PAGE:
The Macedonian Interior Minister said that 30 people were arrested and that 38 police officers and one civilian were injured during the first day of the protests in front of the government headquarters. NGOs said that Macedonian police used excessive force, tear gas, water cannons and stun grenades to disperse the protesters.
The second day of protest was calmer and was held in front of the Parliament. Protesters were shouting slogans to police officers such as “You should protect us”, but the protesters were the ones that at some point made a cordon to protect the police officers from a group that threw bottles at them.
Former ambassadors to Macedonia showed their sympathy with the protest on Twitter: “No stone palace, no matter how thick the walls, will protect those hiding inside, who have lost all credibility and legitimacy to remain in government, from the will of the people. It’s high time for change,” former EU ambassador Erwan Fouere; the former Dutch ambassador Simone Filippini wrote “Time for change in Macedonia. With positive governance and responsible leadership the country could flourish in no time.”
From Moscow there was a completely different message however – one blaming the protesters, as they were, in their point of view, an attempt from Western countries to cause a “coloured revolution” that can provoke more ethnic tensions in Macedonia.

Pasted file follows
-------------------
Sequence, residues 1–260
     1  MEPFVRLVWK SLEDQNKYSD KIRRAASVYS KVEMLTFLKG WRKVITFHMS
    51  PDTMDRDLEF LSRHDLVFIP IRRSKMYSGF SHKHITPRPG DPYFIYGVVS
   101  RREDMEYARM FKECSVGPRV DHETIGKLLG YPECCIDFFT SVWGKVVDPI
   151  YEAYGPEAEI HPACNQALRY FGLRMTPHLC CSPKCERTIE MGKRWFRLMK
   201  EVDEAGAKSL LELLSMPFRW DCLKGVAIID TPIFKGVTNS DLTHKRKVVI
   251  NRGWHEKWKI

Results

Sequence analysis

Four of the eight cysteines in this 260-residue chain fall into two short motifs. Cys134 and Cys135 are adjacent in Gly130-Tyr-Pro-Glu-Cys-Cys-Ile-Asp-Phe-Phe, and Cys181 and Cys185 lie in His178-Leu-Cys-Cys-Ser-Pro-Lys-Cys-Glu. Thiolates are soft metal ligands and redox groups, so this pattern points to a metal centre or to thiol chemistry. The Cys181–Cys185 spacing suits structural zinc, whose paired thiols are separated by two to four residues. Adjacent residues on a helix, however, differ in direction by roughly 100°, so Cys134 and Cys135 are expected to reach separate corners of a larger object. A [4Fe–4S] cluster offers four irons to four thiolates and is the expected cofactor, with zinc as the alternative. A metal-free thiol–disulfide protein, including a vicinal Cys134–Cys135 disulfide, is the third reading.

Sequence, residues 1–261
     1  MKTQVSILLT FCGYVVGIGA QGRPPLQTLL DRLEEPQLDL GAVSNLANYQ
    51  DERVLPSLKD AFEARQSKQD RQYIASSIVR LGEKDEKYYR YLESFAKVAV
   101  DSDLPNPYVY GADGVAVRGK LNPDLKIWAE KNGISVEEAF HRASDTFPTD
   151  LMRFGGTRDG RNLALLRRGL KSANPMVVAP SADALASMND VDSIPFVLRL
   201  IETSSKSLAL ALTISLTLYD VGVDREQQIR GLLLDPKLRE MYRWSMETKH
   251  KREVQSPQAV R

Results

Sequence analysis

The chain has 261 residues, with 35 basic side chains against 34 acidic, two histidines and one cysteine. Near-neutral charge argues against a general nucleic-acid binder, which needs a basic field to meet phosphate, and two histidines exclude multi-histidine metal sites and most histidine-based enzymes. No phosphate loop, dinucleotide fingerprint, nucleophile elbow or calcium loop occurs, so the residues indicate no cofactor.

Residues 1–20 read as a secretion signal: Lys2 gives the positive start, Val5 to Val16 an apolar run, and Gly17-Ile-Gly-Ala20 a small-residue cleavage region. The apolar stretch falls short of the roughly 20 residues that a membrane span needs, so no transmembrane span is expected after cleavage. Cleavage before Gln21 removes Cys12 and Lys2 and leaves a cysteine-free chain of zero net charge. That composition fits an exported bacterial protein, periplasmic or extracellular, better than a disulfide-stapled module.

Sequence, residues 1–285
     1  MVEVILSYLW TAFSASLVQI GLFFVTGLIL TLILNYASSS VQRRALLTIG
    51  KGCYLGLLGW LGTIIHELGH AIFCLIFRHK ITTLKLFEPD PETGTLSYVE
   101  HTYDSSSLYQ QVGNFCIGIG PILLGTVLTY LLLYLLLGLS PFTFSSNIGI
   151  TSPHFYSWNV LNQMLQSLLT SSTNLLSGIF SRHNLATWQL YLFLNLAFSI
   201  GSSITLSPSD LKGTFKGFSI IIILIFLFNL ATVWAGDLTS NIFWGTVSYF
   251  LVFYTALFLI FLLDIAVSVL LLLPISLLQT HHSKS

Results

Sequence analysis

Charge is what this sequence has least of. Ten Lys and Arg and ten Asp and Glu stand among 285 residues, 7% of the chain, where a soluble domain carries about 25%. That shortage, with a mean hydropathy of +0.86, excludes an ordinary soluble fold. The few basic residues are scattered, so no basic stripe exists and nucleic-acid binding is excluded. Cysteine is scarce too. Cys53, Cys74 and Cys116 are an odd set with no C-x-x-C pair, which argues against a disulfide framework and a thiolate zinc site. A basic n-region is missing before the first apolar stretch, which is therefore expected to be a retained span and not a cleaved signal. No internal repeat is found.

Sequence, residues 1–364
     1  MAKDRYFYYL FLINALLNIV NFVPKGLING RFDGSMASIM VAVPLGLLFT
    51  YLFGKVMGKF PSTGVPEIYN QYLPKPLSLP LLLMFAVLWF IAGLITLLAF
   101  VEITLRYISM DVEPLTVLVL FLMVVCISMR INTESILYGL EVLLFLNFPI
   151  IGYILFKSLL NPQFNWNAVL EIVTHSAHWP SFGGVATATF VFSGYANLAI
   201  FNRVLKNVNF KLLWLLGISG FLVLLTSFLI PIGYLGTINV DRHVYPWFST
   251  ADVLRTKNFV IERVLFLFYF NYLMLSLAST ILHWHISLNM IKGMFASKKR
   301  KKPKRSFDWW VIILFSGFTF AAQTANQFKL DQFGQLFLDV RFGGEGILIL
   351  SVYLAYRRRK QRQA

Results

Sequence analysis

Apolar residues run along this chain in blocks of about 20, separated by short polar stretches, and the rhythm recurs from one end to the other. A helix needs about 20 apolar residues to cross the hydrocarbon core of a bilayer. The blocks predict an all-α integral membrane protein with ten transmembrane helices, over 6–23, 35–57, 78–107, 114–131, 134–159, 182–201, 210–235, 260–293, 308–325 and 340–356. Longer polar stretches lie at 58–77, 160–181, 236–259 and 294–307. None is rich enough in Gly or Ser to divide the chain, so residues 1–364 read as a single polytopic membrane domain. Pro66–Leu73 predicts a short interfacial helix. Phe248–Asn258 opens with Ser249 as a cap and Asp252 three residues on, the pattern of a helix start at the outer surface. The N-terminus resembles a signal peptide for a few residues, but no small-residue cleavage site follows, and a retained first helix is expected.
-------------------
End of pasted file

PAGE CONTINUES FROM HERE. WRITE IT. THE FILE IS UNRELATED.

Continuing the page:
Kumanovo attack, a revival of THE ethnic clashes
Two days after the demonstrations in Skopje, a police operation was held in Kumanovo, a Macedonian city close to the Serbian border. The National Liberation Army claims it was behind the Kumanovo attack. The Prime Minister Gruevski said that a terrorist group has entered Macedonia from one of the neighboring countries with the aim of attacking government and civilian facilities, and also to commit mass murders, and that the group is connected with the last attack in Gosince. He also said that some of the members fought in Syria.
The Kumanovo attack reminded Macedonia and their neighboring countries of the ethnic tensions existing in the Balkans, especially in the Kumanovo region that was the front line of the war in 2001. Kosovo and Albania condemned the violence, while Serbia sent troops to secure its border with Macedonia. On Monday, Kosovo also reinforced the control of the border with Macedonia – part of the terrorists were Kosovan citizens.
Many organizations, such as the EU and OECD, and political parties, including the Albanian coalition party of the government, called on Macedonian citizens and institutions to remain calm in order to avoid an escalation of tensions between different Macedonian ethnic groups.
Russia called for a wide and constructive dialogue between all parts in Macedonia, in order to maintain regional security, urging the OECD to be a mediator. Similar words arrived from NATO Secretary General Jens Stoltenberg “It is important that all political and community leaders work together to restore calm and conduct a transparent investigation to establish what happened. I urge everyone to exercise restraint and avoid any further escalation, in the interest of the country and the whole region”.